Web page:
My current research project inverts the focus to ask how international law produces space. I am currently writing two articles on examples of international law producing space, at sea and in outer space, and I am planning a monograph as a key output from this project.
I have presented my research at a wide variety of international conferences, including the Law and Society Association annual meeting, the Association of American Geographers annual meeting, and regularly at the Critical Legal Conference.
I was a Visiting Scholar at Melbourne Law School during Epiphany term 2017.
I have a broad range of teaching interests and expertise. I have convened courses on Trusts and Equity, Legal History, Interscholastic Mooting, and the Law of the Sea LLM course. I have also contributed lectures and seminars in Public International Law and Land Law. I take a research based teaching approach to all these subjects, which means two things. First, it means teaching as a researcher, and giving the students the skills to research themselves. Textbooks are inevitably out of date, and our students must be equipped to find their own answers. Second, it means teaching from research, particularly my own research, something which has been a core feature of the innovative Legal History course design.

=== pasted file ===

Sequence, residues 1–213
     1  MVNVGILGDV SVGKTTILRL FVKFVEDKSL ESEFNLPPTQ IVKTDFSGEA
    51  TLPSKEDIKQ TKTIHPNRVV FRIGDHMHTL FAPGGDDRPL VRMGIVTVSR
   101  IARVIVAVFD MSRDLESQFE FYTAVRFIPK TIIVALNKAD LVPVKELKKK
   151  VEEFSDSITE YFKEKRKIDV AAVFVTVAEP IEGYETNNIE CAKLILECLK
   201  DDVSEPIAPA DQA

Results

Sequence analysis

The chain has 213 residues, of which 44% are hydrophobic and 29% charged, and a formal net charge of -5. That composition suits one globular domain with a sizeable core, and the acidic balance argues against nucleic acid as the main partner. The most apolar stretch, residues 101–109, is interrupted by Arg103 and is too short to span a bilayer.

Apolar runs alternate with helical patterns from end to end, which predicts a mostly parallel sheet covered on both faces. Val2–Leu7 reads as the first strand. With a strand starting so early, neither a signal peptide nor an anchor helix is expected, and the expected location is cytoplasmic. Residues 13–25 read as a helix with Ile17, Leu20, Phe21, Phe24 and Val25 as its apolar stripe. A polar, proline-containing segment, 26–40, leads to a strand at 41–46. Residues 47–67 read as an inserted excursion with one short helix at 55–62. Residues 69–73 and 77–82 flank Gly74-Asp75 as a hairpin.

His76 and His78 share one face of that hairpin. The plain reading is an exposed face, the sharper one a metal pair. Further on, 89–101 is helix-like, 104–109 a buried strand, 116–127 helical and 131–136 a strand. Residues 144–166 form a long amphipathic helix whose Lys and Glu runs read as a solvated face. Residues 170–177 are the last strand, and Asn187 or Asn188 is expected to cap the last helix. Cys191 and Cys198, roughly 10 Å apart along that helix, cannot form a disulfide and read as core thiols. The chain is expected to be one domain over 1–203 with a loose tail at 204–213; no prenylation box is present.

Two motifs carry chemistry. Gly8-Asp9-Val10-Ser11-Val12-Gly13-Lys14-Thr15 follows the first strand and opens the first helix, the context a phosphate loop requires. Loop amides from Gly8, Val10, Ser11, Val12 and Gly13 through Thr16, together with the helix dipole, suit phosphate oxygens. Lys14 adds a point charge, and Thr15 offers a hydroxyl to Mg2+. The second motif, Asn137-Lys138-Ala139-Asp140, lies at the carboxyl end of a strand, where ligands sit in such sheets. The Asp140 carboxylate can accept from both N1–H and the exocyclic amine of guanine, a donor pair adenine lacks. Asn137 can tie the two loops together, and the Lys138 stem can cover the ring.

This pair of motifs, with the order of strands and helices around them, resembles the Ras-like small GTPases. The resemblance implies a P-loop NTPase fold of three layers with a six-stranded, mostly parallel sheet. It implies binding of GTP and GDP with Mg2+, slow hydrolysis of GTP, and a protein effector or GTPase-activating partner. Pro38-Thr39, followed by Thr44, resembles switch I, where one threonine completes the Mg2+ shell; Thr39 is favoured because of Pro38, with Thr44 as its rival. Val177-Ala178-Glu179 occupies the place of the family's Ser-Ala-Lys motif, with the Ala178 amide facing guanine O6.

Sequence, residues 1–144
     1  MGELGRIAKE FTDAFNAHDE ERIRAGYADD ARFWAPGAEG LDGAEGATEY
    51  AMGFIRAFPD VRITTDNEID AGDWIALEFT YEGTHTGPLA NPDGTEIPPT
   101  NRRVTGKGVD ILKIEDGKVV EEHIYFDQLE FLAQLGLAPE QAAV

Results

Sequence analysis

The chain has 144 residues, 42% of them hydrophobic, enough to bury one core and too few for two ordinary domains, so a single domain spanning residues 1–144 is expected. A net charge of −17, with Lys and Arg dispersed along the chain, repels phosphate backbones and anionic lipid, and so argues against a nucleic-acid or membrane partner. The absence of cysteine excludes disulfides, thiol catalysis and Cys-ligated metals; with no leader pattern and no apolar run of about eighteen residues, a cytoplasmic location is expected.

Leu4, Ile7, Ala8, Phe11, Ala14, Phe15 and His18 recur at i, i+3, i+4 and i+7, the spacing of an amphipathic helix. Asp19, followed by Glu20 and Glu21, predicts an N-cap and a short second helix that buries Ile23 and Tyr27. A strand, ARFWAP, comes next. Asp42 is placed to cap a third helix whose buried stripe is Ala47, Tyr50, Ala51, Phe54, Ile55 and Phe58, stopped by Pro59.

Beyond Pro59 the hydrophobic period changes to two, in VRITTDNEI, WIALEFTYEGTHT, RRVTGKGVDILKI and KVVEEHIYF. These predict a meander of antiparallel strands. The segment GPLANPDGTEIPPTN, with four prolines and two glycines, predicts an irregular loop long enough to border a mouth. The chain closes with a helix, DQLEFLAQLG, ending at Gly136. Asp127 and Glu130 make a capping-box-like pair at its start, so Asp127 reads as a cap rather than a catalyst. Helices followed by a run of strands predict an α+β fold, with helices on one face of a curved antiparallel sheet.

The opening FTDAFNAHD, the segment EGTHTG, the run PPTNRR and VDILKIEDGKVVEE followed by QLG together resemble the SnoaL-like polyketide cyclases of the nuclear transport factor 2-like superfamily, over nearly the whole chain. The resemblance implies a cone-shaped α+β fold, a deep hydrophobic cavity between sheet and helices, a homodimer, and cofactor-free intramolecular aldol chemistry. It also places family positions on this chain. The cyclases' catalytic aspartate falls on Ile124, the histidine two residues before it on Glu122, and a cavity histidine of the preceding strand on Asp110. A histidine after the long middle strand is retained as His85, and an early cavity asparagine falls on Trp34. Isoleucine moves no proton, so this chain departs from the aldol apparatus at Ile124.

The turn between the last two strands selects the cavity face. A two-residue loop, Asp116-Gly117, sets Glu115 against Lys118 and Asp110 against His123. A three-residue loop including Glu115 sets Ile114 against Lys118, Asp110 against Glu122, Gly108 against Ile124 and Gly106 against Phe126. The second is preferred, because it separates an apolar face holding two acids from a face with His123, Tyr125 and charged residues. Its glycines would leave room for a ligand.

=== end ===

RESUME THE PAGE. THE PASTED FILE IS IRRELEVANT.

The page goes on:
I welcome PhD applications in international law, legal geography, legal history, and legal theory, particularly critical theory including feminist and third world approaches.
I was the Director of Undergraduate Studies 2017-19, with overall responsibility for the delivery of Durham's LLB. I have also worked as part of the Law School's admissions team as Deputy Director of Undergraduate Admissions.
I am a member and previous director of Law and Global Justice Durham, and a member of the Global Policy Institute and the Human Rights Centre. I am a steering committee member of IBRU: Durham Centre for Borders Research and Durham ARCTIC doctoral training centre.